Receiving clerks are needed in almost all retail and warehousing industries. Their primary role is to manage the receipt of stocks and assist in the proper documentation that is required. In fact, becoming a receiving clerk allows an individual to learn the logistics behind the movement of goods.
A receiving clerk is involved in tasks such as performing delivery inspections, conducting inventory updates, managing order records as well as reconciling purchase orders and invoices. Besides that, they assist in unloading products from trucks, processing return items, and ensuring proper item storage.
Employers require receiving clerks to have a minimum of a high school diploma with training to be provided on the job. This role earns, on average, $13 per hour and suits individuals who want to craft a career in logistics.
There is more than meets the eye when it comes to being a receiving clerk. For example, did you know that they make an average of $13.86 an hour? That's $28,828 a year!
Between 2018 and 2028, the career is expected to grow 1% and produce 46,900 job opportunities across the U.S.
There are certain skills that many receiving clerks have in order to accomplish their responsibilities. By taking a look through resumes, we were able to narrow down the most common skills for a person in this position. We discovered that a lot of resumes listed communication skills, customer-service skills and detail oriented.
When it comes to the most important skills required to be a receiving clerk, we found that a lot of resumes listed 19.7% of receiving clerks included customer service, while 9.6% of resumes included purchase orders, and 9.5% of resumes included data entry. Hard skills like these are helpful to have when it comes to performing essential job responsibilities.
When it comes to searching for a job, many search for a key term or phrase. Instead, it might be more helpful to search by industry, as you might be missing jobs that you never thought about in industries that you didn't even think offered positions related to the receiving clerk job title. But what industry to start with? Most receiving clerks actually find jobs in the retail and manufacturing industries.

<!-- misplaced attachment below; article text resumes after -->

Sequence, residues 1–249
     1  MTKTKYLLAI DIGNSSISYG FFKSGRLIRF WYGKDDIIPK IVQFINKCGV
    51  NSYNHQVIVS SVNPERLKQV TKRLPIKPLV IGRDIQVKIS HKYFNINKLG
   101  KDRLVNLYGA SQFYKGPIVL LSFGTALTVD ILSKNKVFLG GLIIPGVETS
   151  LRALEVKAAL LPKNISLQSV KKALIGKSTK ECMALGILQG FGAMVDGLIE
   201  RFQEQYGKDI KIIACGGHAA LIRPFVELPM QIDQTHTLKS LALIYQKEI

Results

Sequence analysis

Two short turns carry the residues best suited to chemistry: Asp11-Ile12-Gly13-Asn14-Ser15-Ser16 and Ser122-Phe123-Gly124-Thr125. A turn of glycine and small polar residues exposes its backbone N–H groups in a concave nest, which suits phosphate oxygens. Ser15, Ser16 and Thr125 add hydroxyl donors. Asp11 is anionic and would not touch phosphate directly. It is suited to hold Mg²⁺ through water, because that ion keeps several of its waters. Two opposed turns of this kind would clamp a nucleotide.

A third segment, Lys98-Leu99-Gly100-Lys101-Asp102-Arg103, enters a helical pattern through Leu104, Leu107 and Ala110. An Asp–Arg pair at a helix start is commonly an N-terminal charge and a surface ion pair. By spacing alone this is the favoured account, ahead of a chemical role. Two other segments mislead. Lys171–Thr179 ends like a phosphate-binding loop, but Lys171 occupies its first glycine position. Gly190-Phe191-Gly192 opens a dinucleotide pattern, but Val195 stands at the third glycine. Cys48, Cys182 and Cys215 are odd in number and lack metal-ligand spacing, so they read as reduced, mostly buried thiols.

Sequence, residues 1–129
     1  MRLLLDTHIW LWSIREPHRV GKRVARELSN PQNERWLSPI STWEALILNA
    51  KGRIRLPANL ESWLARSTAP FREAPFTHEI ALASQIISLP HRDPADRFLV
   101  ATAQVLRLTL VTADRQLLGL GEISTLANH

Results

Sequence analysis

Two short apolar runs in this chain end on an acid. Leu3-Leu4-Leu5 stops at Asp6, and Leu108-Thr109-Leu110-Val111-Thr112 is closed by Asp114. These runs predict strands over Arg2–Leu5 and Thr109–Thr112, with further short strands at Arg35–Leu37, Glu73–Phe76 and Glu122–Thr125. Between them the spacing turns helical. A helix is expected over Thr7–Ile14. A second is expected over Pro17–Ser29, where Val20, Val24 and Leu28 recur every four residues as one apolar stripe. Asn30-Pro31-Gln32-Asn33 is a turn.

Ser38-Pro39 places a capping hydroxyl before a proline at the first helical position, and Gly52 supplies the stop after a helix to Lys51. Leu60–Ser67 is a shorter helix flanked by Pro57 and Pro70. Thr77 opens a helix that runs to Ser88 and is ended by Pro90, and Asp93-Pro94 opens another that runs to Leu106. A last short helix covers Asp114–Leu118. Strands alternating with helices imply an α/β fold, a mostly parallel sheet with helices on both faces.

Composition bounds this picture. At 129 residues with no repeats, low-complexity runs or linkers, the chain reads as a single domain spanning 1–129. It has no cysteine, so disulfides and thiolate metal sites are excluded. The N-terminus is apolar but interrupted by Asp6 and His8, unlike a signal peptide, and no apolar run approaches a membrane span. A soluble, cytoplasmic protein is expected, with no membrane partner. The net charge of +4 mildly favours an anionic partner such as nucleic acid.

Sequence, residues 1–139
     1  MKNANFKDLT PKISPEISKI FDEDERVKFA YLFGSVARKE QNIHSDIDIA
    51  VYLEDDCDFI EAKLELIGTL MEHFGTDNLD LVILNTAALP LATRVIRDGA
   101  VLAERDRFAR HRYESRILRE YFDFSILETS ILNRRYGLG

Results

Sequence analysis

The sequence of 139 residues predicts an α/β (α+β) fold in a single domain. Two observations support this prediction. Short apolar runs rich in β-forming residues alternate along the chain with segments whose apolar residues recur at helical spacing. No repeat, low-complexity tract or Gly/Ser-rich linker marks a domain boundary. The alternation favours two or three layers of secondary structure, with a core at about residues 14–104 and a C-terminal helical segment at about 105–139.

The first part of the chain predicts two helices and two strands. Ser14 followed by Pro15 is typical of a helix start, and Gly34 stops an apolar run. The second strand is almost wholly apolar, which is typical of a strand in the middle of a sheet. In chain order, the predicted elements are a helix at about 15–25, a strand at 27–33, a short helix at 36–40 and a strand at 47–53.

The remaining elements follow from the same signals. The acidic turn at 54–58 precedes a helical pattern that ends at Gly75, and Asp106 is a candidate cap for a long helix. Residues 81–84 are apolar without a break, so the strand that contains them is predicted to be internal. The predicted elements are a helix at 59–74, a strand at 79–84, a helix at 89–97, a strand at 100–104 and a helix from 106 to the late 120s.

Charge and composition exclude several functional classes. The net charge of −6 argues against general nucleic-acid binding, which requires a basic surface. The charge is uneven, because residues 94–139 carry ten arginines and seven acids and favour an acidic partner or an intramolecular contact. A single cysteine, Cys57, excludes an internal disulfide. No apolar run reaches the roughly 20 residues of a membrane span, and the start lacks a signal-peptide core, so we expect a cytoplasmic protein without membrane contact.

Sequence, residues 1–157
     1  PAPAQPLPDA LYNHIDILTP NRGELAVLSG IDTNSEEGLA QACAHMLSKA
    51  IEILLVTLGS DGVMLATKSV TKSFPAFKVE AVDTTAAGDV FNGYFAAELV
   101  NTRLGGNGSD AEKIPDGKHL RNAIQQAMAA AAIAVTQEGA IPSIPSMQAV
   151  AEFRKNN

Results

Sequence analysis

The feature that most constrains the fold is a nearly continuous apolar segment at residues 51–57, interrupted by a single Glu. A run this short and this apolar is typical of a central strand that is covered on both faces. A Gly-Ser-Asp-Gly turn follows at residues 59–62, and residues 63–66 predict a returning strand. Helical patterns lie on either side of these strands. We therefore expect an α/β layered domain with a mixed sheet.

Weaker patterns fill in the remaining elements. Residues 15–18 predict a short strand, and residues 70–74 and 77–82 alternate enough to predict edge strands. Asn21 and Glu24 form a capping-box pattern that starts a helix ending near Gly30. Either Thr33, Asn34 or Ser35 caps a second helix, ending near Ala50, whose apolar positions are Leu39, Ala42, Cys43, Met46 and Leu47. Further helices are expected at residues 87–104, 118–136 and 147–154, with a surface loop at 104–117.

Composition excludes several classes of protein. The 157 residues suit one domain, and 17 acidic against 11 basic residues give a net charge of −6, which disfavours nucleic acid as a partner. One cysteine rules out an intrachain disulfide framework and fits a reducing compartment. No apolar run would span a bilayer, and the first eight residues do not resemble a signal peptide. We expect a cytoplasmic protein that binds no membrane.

If you're interested in becoming a receiving clerk, one of the first things to consider is how much education you need. We've determined that 15.0% of receiving clerks have a bachelor's degree. In terms of higher education levels, we found that 1.0% of receiving clerks have master's degrees. Even though some receiving clerks have a college degree, it's possible to become one with only a high school degree or GED.
Choosing the right major is always an important step when researching how to become a receiving clerk. When we researched the most common majors for a receiving clerk, we found that they most commonly earn high school diploma degrees or associate degree degrees. Other degrees that we often see on receiving clerk resumes include bachelor's degree degrees or diploma degrees.
You may find that experience in other jobs will help you become a receiving clerk. In fact, many receiving clerk jobs require experience in a role such as cashier. Meanwhile, many receiving clerks also have previous career experience in roles such as customer service representative or sales associate.